Quantcast

David Attenborough Gives Stark Warning in New BBC Climate Change Special

Climate
IMF Managing Director Christine Lagarde (L) and broadcaster and natural historian David Attenborough take part in a discussion on nature and the economy in Washington, DC, April 11. MANDEL NGAN / AFP / Getty Images

Beloved nature broadcaster Sir David Attenborough narrated a BBC documentary on climate change Thursday that Guardian reviewer Rebecca Nicholson said aimed to encourage action around climate the way that Attenborough's Blue Planet II galvanized the world against single-use plastic.


The hour-long program, called Climate Change—The Facts, marked Attenborough's strongest warning to date on the dangers posed by global warming, BBC News reported.

"In the 20 years since I first started talking about the impact of climate change on our world, conditions have changed far faster than I ever imagined," Attenborough said in the film. "It may sound frightening, but the scientific evidence is that if we have not taken dramatic action within the next decade, we could face irreversible damage to the natural world and the collapse of our societies."


The program looked at the impacts of climate change, showing footage of people fleeing wildfires in the U.S. and highlighting how sea level rise is forcing the residents of Isle de Jean Charles in Louisiana to leave their homes. It also spoke to scientists studying ice melt in Greenland and Antarctica.

"In the last year we've had a global assessment of ice losses from Antarctica and Greenland and they tell us that things are worse than we'd expected," University of Leeds Prof. Andrew Shepherd said.

The documentary was also upfront about the role of the fossil fuel industry, Nicholson wrote, explaining that it was the most profitable business in human history and that its companies consulted with the same people who advised the tobacco industry in order to develop PR campaigns that spread doubt and slow down action.

The program also proposed solutions, such as renewable energy, carbon capture technologies and political action.

The documentary featured 16-year-old Swedish activist Greta Thunberg, whose one-person school strikes for climate action sparked a global youth movement, Newsweek reported.

"My future and everyone else's future is at risk and nothing is being done, no one is doing anything, so then I have to do something," Thunberg said.

The program aired in the UK as the fourth day of Extinction Rebellion protests blocked busy streets in central London. The combination of the headlines generated by the protesters, who want the UK government to reach net-zero emissions by 2025, and the Attenborough program, worked to increase media coverage of climate change in the UK, The Guardian reported.

BBC Presenter and environmentalist Chris Packham said the BBC was giving more attention to the environmental crisis.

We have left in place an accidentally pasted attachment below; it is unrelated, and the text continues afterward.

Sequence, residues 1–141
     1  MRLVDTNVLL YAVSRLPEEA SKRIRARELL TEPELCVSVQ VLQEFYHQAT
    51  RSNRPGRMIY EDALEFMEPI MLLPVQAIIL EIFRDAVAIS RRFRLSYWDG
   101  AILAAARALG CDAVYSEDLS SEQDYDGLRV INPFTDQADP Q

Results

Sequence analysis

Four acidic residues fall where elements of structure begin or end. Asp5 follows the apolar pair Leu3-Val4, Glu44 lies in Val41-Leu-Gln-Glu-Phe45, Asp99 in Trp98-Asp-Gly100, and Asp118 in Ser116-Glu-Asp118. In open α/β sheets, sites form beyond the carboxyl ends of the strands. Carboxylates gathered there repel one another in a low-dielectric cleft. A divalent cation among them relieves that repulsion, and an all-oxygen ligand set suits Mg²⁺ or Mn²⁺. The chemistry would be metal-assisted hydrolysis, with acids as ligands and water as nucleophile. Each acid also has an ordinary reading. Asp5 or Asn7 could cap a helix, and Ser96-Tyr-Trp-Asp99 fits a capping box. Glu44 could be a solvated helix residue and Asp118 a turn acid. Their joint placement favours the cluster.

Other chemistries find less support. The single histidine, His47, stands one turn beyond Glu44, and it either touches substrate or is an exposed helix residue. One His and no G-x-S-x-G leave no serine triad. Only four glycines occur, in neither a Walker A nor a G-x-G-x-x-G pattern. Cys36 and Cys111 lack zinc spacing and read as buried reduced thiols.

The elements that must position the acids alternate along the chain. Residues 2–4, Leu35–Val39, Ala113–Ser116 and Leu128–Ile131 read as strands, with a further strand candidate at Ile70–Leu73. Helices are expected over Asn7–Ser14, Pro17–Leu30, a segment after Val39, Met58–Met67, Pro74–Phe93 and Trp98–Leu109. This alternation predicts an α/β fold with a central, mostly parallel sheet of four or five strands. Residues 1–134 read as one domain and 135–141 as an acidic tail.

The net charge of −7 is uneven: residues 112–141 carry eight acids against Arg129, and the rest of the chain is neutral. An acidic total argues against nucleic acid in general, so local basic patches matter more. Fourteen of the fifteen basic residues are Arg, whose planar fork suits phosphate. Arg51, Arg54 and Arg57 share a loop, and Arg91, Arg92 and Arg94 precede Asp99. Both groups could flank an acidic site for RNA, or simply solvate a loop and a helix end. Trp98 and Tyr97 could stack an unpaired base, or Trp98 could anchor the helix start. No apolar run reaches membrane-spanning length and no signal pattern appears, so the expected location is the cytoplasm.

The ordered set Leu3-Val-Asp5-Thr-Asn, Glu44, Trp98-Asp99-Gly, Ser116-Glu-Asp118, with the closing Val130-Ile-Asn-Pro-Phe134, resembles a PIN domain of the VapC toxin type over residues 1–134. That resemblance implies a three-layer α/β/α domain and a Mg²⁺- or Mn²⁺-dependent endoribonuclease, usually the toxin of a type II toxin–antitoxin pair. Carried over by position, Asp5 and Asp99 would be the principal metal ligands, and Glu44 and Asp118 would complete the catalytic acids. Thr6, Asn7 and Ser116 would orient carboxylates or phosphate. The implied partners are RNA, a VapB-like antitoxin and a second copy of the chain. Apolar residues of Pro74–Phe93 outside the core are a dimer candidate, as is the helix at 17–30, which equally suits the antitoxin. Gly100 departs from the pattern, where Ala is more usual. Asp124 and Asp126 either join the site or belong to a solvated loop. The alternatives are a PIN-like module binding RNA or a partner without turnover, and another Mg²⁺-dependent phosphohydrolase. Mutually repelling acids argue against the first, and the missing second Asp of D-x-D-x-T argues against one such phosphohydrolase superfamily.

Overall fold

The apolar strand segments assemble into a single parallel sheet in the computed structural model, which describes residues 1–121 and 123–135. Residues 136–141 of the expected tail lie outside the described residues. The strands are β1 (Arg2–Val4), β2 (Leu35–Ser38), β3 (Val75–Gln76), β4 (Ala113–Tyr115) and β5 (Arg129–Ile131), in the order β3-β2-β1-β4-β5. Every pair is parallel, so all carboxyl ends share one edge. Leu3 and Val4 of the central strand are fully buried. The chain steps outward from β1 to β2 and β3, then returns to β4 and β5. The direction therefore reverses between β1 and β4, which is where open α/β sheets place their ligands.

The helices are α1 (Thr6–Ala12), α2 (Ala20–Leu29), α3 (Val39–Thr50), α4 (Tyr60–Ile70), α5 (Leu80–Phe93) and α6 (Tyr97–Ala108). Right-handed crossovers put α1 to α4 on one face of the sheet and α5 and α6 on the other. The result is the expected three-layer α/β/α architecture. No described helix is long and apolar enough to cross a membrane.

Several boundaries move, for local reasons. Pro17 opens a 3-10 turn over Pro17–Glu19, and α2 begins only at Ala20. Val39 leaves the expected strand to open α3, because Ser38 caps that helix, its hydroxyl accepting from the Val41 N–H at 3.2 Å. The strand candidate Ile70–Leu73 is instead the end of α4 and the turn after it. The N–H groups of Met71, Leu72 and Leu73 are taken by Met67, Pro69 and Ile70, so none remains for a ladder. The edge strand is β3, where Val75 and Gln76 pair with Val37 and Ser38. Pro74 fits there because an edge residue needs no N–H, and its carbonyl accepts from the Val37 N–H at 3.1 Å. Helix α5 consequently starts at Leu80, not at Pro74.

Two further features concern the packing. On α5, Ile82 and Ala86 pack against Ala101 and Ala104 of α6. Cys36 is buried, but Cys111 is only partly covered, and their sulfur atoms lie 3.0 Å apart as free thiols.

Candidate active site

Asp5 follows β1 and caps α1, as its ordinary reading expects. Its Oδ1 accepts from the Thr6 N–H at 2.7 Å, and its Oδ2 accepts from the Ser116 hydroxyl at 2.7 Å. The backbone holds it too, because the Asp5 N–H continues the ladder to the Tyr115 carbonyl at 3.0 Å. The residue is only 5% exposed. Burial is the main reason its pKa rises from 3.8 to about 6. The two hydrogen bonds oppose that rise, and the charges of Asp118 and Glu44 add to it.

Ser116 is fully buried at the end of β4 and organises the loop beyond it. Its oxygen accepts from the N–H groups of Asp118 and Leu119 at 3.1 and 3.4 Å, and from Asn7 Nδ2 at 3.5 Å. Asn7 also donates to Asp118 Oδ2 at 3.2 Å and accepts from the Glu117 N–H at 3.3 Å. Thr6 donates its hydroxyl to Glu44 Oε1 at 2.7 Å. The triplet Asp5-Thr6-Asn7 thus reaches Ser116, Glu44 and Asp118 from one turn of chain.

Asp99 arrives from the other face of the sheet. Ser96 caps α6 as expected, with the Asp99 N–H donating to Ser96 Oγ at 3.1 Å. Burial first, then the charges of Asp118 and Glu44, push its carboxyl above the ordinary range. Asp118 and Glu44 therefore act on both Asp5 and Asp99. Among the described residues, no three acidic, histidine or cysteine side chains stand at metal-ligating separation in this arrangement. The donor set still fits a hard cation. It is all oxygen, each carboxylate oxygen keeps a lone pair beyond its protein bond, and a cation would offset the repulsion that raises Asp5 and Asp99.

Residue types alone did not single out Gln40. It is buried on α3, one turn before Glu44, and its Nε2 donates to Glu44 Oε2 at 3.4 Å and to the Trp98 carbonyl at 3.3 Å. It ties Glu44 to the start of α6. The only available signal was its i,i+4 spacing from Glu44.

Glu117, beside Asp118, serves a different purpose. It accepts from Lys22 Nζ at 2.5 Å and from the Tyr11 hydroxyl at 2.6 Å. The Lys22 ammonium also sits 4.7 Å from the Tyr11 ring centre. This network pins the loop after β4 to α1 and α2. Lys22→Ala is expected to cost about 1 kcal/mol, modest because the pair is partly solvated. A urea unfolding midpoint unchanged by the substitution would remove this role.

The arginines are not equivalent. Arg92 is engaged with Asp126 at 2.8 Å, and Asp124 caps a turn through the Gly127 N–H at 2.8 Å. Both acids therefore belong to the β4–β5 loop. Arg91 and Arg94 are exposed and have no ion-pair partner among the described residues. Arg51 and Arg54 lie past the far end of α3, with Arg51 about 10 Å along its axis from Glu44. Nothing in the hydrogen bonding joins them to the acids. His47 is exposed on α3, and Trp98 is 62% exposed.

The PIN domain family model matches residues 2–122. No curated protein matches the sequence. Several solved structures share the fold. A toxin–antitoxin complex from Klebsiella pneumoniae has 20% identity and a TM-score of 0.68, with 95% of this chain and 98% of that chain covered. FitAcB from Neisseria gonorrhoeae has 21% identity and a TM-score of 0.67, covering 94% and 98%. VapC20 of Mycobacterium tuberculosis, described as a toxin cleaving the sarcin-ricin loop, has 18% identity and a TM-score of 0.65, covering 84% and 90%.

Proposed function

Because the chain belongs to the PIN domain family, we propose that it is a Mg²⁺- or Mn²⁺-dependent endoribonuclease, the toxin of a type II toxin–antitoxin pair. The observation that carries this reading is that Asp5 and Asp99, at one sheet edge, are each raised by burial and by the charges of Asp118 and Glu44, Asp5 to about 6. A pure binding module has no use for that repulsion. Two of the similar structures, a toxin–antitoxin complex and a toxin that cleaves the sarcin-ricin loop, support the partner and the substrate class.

"They [the BBC] are certainly making sure they are moving away from criticism levelled at them in the last few years of only showing a rose-tinted view of the natural world," Packham said.

In recent years, two complaints against the network's Radio 4 Today program have been upheld due to interviews with climate denier Nigel Lawson that did not adequately challenge him on the facts.

EcoWatch Daily Newsletter

New pine trees grow from the forest floor along the North Fork of the Flathead River on the western boundary of Glacier National Park on Sept. 16, 2019 near West Glacier, Montana. Chip Somodevilla / Getty Images

By Alex Kirby

New forests are an apparently promising way to tackle global heating: the trees absorb carbon dioxide, the main greenhouse gas from human activities. But there's a snag, because permanently lower river flows can be an unintended consequence.

Read More
Household actions lead to changes in collective behavior and are an essential part of social movements. Pixabay / Pexels

By Greg McDermid, Joule A Bergerson, Sheri Madigan

Hidden among all of the troubling environmental headlines from 2019 — and let's face it, there were plenty — was one encouraging sign: the world is waking up to the reality of climate change.

So now what?

Read More
Sponsored
Logging state in the U.S. is seen representing some of the consequences humans will face in the absence of concrete action to stop deforestation, pollution and the climate crisis. Mark Newman / Lonely Planet Images / Getty Images

Talk is cheap, says the acting executive secretary of the United Nations Convention on Biological Diversity, who begged governments around the world to make sure that 2020 is not another year of conferences and empty promises, but instead is the year to take decisive action to stop the mass extinction of wildlife and the destruction of habitat-sustaining ecosystems, as The Guardian reported.

Read More
The people of Kiribati have been under pressure to relocate due to sea level rise. A young woman wades through the salty sea water that flooded her way home on Sept. 29, 2015. Jonas Gratzer / LightRocket via Getty Images

Refugees fleeing the impending effects of the climate crisis cannot be forced to return home, according to a new decision by the United Nations Human Rights Committee, as CNN reported. The new decision could open up a massive wave of legal claims by displaced people around the world.

Read More
The first day of the Strike WEF march on Davos on Jan. 18, 2020 near Davos, Switzerland. The activists want climate justice and think the WEF is for the world's richest and political elite only. Kristian Buus / In Pictures via Getty Images

By Ashutosh Pandey

Teenage climate activist Greta Thunberg is returning to the Swiss ski resort of Davos for the 2020 World Economic Forum with a strong and clear message: put an end to the fossil fuel "madness."

Read More